Alas, the gaps are as large as 500.
Normally, products are never deleted from the system; but I put in some
corrupt data that I did not want to pass along, even if I marked them as
discontinued. They complain about that, too.
The Infoshop by Global Information Incorporated
195 Farmington Ave.
Farmington, CT 06032
860.674.8796 / FAX: 860.674.8341
>From: Mike Diehl [mailto:mdiehl@stripped]
>Sent: Thursday, September 18, 2008 1:17 PM
>Cc: Jerry Schwartz; 'Stut'
>Subject: Re: Finding gaps
>I'm just throwing something out ...
>select a.id,b.id from dataset a left join dataset b
> on a.id=b.id+1
> where b.id is null;
>This should find single gaps. It won't find larger gaps.
>Just my $.02.
>On Thursday 18 September 2008 10:44:47 am Jerry Schwartz wrote:
>> >-----Original Message-----
>> >From: Stut [mailto:stuttle@stripped]
>> >Sent: Wednesday, September 17, 2008 6:30 PM
>> >To: Jerry Schwartz
>> >Cc: mysql@stripped
>> >Subject: Re: Finding gaps
>> >On 17 Sep 2008, at 22:34, Jerry Schwartz wrote:
>> >> Our Japanese partners will notice and will ask. Similar things have
>> >> come up
>> >> before.
>> >> I want to be pro-active.
>> >Notice what? Why would it be bad? What type of data are we dealing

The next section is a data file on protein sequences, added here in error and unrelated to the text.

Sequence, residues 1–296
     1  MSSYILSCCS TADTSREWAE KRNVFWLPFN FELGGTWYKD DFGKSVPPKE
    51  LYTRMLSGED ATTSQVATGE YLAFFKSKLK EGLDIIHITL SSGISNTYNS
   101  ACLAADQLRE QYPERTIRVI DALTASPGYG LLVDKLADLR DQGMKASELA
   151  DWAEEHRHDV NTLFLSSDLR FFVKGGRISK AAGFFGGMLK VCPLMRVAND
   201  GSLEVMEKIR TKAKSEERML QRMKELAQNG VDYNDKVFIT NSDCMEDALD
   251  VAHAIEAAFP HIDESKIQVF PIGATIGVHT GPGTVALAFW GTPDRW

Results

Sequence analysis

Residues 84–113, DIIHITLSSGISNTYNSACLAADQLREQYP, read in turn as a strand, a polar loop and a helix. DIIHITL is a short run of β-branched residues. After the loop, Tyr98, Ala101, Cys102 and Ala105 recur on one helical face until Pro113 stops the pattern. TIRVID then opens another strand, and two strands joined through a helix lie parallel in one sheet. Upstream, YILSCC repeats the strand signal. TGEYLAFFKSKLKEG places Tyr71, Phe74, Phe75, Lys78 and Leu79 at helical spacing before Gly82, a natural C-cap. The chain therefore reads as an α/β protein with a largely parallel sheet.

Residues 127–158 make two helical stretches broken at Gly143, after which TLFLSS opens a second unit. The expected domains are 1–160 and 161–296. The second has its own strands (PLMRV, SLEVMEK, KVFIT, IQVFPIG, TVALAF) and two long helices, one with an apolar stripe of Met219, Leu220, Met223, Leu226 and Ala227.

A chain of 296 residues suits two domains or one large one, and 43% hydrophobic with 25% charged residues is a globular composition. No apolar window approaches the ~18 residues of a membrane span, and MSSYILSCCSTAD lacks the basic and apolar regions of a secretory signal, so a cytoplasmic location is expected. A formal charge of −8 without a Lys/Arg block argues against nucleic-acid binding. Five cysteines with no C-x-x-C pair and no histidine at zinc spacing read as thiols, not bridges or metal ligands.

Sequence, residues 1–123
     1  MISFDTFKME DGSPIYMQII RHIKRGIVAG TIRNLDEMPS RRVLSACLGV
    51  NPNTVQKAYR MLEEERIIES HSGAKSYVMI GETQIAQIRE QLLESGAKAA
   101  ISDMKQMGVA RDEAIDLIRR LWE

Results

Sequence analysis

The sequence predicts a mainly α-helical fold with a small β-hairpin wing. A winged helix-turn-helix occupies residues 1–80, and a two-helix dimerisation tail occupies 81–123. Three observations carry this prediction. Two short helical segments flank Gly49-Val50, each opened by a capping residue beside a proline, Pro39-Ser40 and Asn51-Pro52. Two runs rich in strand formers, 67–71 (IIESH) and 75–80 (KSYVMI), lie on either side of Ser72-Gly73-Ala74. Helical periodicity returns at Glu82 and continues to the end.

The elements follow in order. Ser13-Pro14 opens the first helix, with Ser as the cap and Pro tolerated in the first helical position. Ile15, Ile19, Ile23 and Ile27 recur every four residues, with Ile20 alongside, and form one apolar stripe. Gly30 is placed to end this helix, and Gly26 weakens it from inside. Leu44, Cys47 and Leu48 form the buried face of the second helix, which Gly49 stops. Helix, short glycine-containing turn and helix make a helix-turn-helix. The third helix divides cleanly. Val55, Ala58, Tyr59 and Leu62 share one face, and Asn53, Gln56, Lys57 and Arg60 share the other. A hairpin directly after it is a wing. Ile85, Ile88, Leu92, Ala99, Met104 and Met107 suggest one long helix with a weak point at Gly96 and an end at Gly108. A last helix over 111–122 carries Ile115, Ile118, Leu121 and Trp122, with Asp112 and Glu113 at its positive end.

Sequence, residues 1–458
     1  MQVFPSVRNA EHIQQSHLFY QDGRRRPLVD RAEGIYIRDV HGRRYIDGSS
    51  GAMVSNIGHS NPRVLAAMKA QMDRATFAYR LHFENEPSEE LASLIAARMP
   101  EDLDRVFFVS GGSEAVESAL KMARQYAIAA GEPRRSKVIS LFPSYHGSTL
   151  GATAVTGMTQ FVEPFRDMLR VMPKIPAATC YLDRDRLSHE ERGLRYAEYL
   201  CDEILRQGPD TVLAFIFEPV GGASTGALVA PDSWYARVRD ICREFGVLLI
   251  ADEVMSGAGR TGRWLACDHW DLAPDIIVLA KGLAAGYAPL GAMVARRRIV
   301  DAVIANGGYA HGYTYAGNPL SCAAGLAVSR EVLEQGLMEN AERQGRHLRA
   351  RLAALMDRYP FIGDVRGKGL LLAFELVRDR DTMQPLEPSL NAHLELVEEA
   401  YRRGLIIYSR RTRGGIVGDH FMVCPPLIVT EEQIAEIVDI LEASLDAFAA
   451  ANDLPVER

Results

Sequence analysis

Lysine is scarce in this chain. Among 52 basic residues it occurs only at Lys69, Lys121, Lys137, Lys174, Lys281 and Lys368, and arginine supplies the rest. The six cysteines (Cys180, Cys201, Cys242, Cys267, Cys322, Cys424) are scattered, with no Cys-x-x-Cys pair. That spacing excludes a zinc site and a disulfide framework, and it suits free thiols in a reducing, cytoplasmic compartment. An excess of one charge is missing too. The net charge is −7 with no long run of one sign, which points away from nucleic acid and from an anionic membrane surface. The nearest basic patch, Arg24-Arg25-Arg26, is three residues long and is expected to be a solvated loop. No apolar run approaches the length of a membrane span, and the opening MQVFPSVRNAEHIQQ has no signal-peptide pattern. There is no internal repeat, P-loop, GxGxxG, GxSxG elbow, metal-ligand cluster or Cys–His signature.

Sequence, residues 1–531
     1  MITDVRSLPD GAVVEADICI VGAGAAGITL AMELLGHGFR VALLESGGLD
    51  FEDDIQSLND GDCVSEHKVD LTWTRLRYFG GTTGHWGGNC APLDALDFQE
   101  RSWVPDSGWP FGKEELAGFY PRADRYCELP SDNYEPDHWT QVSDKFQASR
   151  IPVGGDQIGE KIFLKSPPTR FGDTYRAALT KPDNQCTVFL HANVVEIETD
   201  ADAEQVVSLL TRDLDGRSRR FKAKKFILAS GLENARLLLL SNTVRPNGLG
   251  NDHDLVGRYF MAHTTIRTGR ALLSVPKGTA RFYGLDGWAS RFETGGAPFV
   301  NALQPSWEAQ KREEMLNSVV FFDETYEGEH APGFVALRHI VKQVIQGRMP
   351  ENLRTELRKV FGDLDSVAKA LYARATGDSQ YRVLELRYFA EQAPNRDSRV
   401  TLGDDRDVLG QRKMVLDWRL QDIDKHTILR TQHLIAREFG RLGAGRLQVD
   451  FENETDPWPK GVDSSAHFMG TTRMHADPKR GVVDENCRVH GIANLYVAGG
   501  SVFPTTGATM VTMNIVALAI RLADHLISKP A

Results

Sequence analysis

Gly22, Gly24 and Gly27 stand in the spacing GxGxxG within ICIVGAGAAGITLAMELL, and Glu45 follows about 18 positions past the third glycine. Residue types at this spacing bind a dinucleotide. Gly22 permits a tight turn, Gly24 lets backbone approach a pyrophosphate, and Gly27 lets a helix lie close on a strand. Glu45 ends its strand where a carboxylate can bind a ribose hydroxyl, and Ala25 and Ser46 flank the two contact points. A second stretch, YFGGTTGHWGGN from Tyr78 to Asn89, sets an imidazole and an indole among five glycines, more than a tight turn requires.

>> >with here?
>> [JS] In this case, we are dealing with a list of products.
>> >If each row requires a unique ID use an autonumber. If your partners
>> >don't understand that deleted items will create gaps, explain it to
>> >them. IMHO you're creating a problem that doesn't exist.
>> [JS] I can pass along my boss's email address, if you want to explain
>> him why it doesn't matter. Personally, I depend upon my job.
>> >If you just need sequential numbers for display purposes, generate
>> >them when you do the displaying. There's no need for those numbers to
>> >be in the database.
>> [JS] They are propagated into other databases that I do not control.
>> are managed and used by our main office in Japan. They notice
>> (except misspellings).